|TITLE||The Relationship of Self-Awareness to Leadership Effectiveness for Experienced Leaders|
|RESEARCHER||Patricia A. Sullivan
Department of Leadership, Counseling, Adult, Career and Higher Education -- College of Education
University of South Florida
Unpublished doctoral dissertation: March 2017
The purpose of this research was to investigate the relationship between leaders’ self-awareness and their effectiveness.
The sample group was obtained using a snowball chain-sample method using the researcher’s network of contacts from various industries, of which 89 participated (response rate = 20%), and yielded a sample of 179 leaders, with at least four direct reports responding (N=761). Fifty-two percent of the leaders were female, over 80 percent had completed a minimum of four years of college, and their years as a leader was more evenly distributed between the three categories, five to 10 years of leadership experience (38%), 11 to 20 years (26%), and over 20 (26%). Approximately 20+ percent were each in manufacturing or finance/insurance, and another eleven percent each in either healthcare or technology/telecom. Respondents completed either the Self or Observer forms of the LPI and the Emotional and Social Competency Inventory (ESCI; Boyatzis, Good & Massa, 2012).
The most frequently used leadership practice reported by leaders was Enable, followed by Model, Encourage, Inspire, and Challenge. Each of the five leadership practices and selfawareness were positively correlated, although at a low level of effect (ranging from .16 to .29).
The correlations between the five leadership practices and self-awareness was not significantly different between male and female leaders. All but Challenge showed significant differences by level of education. Specifically, the correlation between self-awareness and Model was noticeably higher in the Graduate/Post Graduate degree participants (r = .5556), whereas those with Bachelor degrees showed almost no correlation at all (r = .0389); Inspire was also highly correlated with Grad/Post participants (r = .8771), and again the Bachelor level participants showed the least relationship (r = .1490). Enable showed the greatest correlation with the No Degree participants (r = .6959), and Grad/Post Grad participants were also highly correlated (r = .6331). The strongest correlation in terms of education was noticeable in the Encourage the Heart practice, where the Grad/Post Grad participants correlation was r = .9739. Only Model showed significant differences in correlations with self-awareness on the basis of time in leadership roles, with those with 5-10 years showing the lowest correlations (r = .1705) compared to those with 11-10 years (r =.5933) and 20+ years (r = .5509).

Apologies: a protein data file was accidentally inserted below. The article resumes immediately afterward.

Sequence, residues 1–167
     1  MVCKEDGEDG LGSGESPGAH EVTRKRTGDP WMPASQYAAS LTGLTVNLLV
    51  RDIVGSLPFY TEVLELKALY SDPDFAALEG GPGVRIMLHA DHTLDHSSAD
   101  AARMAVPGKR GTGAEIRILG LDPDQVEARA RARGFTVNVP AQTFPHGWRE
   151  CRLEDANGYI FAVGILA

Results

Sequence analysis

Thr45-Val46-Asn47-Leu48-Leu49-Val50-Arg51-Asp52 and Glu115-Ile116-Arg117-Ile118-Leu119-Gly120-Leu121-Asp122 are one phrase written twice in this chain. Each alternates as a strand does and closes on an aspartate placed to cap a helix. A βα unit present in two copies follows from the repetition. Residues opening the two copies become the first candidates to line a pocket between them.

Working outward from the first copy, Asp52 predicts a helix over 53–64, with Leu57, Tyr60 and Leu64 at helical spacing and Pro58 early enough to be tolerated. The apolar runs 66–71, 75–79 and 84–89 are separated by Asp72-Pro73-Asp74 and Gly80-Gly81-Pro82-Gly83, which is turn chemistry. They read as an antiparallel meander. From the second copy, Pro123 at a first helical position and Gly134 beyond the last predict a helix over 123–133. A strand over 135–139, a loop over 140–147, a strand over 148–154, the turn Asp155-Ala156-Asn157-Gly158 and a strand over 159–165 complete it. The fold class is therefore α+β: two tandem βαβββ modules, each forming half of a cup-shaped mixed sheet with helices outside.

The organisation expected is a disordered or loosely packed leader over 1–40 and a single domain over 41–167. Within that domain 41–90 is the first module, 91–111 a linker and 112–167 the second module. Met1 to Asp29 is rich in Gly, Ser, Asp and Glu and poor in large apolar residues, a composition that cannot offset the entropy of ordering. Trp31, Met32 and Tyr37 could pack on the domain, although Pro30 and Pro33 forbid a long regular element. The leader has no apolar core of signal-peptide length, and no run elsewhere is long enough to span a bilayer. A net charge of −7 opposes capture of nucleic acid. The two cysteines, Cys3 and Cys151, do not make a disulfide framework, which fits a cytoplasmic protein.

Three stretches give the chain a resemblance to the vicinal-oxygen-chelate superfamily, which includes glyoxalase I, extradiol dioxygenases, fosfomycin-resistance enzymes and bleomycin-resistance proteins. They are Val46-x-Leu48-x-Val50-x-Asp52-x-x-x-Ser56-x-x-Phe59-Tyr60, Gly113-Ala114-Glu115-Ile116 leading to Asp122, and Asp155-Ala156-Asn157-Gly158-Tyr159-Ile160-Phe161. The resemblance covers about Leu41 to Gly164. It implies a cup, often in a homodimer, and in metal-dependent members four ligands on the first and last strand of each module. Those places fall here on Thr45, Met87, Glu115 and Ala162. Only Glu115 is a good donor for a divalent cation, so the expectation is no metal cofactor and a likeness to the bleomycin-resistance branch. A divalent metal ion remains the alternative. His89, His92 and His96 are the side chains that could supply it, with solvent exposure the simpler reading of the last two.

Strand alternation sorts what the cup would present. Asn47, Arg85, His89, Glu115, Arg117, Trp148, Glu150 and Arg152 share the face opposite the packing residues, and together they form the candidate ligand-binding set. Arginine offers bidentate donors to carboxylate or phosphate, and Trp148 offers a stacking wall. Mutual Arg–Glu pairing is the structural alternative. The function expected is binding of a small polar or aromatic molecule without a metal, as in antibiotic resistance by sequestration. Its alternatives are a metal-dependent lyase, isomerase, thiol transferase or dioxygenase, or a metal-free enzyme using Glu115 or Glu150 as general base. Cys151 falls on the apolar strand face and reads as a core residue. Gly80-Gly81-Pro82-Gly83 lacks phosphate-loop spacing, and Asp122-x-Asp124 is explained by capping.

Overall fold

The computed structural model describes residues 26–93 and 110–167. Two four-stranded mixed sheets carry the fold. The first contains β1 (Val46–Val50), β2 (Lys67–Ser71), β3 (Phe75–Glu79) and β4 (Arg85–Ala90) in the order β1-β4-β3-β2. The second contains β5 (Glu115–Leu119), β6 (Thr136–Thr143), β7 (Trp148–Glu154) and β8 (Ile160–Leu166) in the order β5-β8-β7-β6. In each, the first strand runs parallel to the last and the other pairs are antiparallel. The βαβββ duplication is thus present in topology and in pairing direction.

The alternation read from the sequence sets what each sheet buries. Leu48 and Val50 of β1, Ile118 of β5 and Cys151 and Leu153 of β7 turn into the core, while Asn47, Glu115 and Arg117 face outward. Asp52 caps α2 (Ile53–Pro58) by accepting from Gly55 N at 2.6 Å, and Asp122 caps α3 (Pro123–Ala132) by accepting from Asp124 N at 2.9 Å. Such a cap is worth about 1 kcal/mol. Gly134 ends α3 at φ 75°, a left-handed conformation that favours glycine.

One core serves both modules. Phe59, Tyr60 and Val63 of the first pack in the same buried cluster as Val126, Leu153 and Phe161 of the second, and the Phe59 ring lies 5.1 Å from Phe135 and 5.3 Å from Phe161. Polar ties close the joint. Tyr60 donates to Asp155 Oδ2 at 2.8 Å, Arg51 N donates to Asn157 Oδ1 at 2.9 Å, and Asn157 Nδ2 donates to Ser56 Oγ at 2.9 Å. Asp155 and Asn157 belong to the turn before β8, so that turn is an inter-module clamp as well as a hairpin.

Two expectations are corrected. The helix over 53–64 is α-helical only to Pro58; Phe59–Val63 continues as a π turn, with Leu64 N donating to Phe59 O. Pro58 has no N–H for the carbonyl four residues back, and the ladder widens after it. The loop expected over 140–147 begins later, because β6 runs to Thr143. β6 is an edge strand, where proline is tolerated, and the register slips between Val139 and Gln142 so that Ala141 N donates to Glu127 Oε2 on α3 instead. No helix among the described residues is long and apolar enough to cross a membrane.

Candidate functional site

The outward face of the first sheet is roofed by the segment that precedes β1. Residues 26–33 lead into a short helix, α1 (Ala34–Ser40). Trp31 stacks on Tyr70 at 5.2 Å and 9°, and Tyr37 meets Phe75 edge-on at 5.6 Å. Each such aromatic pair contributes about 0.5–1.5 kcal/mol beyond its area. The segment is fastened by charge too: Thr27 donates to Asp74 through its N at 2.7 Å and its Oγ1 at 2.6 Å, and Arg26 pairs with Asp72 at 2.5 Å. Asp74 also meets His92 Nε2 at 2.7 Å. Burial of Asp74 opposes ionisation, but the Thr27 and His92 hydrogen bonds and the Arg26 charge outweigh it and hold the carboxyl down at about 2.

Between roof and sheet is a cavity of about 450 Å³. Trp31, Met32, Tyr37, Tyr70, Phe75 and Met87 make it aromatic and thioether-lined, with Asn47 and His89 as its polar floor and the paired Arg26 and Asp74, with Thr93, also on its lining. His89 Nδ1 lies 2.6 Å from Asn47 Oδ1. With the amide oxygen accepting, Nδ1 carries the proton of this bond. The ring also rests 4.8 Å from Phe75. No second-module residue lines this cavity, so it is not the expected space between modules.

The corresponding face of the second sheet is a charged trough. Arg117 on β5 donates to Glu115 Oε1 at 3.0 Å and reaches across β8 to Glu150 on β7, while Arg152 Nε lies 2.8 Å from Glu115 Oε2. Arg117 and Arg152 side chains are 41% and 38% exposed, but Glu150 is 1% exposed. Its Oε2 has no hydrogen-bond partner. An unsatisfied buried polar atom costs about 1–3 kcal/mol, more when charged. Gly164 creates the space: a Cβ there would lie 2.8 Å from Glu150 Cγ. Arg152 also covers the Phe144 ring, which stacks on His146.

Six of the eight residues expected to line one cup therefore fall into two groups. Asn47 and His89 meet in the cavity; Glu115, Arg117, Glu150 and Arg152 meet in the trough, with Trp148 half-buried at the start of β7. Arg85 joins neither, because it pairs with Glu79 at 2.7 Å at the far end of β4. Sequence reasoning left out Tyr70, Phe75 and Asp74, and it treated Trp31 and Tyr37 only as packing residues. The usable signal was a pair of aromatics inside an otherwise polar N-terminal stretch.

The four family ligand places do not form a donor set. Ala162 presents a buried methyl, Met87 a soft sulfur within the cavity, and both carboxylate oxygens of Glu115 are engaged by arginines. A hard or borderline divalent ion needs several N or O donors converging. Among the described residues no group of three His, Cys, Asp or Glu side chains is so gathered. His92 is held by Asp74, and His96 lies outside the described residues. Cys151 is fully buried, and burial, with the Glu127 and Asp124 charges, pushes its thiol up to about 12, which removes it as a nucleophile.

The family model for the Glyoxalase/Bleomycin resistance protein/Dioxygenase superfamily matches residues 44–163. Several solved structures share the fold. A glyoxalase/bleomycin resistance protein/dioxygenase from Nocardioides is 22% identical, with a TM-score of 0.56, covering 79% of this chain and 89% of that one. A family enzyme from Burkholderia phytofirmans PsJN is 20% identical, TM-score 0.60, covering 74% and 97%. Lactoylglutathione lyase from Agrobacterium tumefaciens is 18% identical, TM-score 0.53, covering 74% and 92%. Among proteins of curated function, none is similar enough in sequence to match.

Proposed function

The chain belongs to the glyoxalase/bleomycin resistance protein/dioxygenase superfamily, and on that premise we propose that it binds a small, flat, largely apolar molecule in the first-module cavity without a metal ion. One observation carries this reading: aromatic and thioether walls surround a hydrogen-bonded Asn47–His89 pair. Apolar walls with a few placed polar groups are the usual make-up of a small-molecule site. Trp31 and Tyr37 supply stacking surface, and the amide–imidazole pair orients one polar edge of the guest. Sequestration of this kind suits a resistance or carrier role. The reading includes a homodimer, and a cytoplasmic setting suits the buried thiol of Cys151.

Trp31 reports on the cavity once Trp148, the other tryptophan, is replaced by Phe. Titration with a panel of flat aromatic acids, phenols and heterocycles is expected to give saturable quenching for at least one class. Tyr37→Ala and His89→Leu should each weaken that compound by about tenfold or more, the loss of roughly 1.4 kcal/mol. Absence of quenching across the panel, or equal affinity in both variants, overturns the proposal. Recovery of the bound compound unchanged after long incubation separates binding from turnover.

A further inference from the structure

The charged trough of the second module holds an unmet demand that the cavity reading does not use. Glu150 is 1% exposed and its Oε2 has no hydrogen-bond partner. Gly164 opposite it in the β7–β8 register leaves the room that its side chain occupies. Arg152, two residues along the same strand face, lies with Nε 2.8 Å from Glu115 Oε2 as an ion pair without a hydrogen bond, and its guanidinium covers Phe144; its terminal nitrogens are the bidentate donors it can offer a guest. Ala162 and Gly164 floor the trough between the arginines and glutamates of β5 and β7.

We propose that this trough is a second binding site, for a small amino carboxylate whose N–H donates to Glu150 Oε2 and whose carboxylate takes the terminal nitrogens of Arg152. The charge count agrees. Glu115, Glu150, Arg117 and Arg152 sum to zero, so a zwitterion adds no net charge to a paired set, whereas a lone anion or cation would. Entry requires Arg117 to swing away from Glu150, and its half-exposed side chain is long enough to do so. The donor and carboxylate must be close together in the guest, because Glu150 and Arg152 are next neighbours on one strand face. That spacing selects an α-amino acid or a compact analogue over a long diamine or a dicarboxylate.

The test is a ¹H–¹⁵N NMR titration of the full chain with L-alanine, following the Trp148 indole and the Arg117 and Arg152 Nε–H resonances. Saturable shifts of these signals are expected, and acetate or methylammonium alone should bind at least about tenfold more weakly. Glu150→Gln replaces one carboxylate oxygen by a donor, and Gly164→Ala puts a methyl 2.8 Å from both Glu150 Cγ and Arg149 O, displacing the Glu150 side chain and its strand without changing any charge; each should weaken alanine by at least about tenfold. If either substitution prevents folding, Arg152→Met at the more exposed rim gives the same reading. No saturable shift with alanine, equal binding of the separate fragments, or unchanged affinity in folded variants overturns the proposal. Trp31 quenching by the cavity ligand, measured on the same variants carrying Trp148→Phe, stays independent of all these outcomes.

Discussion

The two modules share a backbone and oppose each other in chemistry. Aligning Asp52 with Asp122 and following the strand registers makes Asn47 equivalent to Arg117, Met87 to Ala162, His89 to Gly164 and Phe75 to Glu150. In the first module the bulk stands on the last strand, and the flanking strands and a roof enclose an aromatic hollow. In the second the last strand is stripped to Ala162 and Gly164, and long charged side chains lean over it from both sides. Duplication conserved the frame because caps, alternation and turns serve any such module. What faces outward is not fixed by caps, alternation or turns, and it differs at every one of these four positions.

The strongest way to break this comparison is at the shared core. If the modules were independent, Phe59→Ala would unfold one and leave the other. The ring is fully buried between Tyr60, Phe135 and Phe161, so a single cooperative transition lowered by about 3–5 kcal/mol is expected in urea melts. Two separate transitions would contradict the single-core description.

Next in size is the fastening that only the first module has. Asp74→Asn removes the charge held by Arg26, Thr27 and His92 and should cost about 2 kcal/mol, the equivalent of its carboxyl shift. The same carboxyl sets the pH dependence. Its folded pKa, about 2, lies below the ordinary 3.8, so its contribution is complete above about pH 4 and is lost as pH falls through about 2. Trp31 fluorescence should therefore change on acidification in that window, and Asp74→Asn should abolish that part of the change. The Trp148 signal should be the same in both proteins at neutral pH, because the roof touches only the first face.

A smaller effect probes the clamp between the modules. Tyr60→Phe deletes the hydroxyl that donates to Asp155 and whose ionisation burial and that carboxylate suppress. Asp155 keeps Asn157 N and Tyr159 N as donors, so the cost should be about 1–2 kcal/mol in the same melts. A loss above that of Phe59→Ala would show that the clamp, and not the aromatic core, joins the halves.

The most frequently used leadership practice reported by observers was Enable, followed by Model, Encourage, Inspire, and Challenge (the same rank order as reported by leaders, although the average scores of leaders were higher than that reported by their observers). Each of the five leadership practices and self-awareness were positively correlated at a relatively high level of effect (ranging from .73 to .83).
The author notes: “The Leadership Practices Inventory has provided over 40 years of research validating that these five practices reflect exemplary leadership practices (Kouzes & Posner, 2012). The direction and strength of the relationship between leaders’ self- awareness and their direct reports ratings for each of the five leadership competencies appears to support the need for self-awareness development and leadership effectiveness development” (p. 84).